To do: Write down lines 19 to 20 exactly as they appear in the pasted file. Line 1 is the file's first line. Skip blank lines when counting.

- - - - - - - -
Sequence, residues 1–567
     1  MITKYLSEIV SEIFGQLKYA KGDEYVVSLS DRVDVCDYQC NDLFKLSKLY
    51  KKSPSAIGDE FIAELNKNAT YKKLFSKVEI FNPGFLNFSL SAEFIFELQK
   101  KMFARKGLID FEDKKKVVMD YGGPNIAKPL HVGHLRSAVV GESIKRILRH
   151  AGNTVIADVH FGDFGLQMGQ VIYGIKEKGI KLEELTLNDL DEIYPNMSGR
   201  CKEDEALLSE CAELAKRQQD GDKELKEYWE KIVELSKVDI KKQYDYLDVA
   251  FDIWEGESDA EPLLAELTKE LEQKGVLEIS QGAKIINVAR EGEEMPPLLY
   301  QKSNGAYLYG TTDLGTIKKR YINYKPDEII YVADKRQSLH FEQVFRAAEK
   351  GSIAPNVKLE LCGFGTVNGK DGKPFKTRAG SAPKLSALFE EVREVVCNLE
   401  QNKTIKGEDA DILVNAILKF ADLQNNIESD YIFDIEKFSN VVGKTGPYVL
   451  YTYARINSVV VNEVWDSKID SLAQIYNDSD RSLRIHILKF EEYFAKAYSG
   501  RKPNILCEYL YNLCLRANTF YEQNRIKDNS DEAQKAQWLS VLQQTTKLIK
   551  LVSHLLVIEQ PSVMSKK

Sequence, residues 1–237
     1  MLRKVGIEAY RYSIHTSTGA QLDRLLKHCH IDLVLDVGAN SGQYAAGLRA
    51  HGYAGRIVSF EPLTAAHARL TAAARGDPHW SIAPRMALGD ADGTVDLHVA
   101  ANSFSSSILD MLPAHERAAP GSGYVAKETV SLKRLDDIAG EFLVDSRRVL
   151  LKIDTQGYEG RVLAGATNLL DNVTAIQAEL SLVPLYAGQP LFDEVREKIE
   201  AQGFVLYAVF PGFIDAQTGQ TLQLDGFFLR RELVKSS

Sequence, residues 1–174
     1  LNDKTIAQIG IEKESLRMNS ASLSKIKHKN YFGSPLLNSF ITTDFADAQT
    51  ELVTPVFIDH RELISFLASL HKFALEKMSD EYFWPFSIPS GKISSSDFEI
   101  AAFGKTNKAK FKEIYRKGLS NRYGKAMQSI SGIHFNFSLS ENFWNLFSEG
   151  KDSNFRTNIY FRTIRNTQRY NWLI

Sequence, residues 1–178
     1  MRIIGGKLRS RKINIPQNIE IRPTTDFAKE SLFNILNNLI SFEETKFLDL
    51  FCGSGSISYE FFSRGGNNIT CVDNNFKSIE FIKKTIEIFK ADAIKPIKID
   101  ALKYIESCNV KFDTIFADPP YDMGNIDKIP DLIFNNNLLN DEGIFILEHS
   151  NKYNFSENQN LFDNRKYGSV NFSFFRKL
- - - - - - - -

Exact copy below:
   201  AQGFVLYAVF PGFIDAQTGQ TLQLDGFFLR RELVKSS

Sequence, residues 1–174